Indexed on: 15 Nov '11Published on: 15 Nov '11Published in: International Journal of Gynecological Cancer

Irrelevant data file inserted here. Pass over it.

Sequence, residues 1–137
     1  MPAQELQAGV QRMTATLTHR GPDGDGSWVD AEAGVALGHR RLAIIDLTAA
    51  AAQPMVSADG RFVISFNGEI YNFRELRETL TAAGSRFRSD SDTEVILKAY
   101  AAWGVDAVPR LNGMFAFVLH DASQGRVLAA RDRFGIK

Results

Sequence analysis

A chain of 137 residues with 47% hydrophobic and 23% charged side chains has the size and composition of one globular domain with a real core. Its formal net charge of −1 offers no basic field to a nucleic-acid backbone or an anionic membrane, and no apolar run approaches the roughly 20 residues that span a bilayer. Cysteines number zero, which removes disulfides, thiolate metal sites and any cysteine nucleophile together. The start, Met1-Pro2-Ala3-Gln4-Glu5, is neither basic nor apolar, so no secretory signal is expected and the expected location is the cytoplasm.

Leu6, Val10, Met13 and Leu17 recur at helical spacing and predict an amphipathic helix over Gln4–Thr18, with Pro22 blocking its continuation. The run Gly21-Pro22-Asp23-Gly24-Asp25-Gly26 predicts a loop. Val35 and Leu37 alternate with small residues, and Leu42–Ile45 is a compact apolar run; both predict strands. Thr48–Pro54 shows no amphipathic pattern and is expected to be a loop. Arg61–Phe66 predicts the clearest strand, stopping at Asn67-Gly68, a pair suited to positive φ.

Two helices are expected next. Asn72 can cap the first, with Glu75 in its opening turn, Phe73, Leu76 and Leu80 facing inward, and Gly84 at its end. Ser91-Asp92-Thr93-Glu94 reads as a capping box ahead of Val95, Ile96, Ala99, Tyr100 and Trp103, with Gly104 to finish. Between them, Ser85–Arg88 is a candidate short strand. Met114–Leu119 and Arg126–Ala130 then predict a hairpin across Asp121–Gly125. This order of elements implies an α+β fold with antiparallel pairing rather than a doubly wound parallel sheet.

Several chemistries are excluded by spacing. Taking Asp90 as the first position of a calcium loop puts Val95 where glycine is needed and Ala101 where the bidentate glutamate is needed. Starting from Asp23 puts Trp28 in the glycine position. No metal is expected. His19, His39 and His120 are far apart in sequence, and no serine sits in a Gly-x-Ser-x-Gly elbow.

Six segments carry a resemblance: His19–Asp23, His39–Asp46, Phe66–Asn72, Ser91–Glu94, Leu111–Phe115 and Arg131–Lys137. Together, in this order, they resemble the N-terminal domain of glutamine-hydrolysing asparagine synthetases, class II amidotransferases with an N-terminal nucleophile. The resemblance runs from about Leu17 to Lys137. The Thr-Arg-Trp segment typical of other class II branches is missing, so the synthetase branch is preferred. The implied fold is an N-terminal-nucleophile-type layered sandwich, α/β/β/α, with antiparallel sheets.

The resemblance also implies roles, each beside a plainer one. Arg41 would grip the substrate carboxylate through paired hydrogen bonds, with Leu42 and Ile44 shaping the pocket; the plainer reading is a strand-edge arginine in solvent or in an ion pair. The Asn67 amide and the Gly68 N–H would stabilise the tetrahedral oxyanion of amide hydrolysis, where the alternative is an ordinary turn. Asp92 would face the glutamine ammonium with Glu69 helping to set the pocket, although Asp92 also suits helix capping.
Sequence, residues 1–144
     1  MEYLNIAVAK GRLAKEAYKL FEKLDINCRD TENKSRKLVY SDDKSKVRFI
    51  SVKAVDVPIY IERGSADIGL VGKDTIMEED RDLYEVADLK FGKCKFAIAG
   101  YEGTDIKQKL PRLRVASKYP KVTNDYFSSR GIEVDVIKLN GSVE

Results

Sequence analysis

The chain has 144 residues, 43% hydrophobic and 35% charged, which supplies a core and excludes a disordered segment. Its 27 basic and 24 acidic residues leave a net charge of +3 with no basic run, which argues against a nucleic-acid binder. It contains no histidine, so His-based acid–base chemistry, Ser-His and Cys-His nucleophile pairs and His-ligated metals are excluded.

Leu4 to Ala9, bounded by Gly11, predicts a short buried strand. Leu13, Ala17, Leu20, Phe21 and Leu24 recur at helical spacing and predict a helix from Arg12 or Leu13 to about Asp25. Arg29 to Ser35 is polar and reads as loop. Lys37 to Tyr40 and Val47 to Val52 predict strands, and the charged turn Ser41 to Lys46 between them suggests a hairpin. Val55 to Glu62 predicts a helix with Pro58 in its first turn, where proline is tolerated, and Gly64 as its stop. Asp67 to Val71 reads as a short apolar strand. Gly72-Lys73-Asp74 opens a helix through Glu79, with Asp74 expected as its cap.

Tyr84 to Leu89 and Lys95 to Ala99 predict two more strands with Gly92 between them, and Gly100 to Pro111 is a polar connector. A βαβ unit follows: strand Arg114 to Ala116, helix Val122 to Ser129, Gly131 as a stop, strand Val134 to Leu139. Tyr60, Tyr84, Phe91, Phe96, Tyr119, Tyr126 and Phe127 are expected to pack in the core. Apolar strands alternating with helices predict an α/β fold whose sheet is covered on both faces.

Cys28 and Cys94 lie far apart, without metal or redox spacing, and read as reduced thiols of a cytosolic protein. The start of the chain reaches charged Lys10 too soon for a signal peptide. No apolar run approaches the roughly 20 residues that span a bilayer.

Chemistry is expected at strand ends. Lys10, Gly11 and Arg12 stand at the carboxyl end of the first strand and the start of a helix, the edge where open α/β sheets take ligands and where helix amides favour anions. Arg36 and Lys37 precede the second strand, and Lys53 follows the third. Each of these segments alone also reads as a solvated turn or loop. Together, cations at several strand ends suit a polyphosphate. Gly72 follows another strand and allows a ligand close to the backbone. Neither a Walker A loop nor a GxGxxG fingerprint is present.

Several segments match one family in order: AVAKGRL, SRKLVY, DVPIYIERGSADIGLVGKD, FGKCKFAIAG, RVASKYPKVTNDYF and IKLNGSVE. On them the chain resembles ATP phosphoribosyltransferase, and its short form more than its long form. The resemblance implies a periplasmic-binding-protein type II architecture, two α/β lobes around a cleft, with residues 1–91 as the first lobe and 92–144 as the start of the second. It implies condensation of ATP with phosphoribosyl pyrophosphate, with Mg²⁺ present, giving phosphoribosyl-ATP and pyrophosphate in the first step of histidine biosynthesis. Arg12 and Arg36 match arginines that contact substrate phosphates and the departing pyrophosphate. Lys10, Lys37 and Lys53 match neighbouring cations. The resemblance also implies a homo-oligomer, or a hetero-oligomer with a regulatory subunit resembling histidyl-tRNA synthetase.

The aim of this study was to compare Belfast City Hospital's vulval flap reconstructive surgery with recognized standards and published data to facilitate modifications to practice.Retrospective cohort study involving women who underwent vulval reconstructive skin flap procedures from January 1, 2004, through December 31, 2009.A total of 25 women underwent 28 flaps; age range was 41 to 90 years and mean parity was 2.1. Indications for surgery were recurrence of cancer in 11 (44%) of the 25 women, benign disease in 6 women (24.0%), primary vulval cancer in another 6 women (24.0%), and vulval intraepithelial neoplasia in 2 women. Thirteen women (52.0%) within the study had undergone previous radical vulval excision. Wide local excision was performed in 14 women (56.0%), with 5 undergoing radical vulvectomy and 6 undergoing modified radical vulvectomy. There were 15 (53.6%) of the 28 lotus flaps, 6 (21.4%) rhomboid-type repairs, and 3 (10.7%) gracilus flaps.Intensive care unit admission immediately after operation was required in 2 (8.0%) of the 25 women. Return to the operating theater was required in 5 cases (20.0%). Hospital stay ranged from less than 1 week to greater than 6 weeks, the mode being 8 to 14 days and mean being 21.5 days. A total of 16 (64.0%) of the 25 cases experienced wound infection with or without breakdown, with 12 cases (48.0%) having wound infection. There were 10 cases (40.0%) of partial or complete wound breakdown. Necrosis of wound (5 cases) and lymphocyst (2 cases) were less common. Twelve women (48.0%) experienced some form of medical postoperative complication(s), whereas 15 women (60.0%) had no long-term complications.The rate of local flap procedure is higher than that published elsewhere, whereas the postoperative complication rate is comparable and adherent to accepted standards. Perioperative protocols have been reported to improve complication rates, and this strategy has been adopted in Belfast.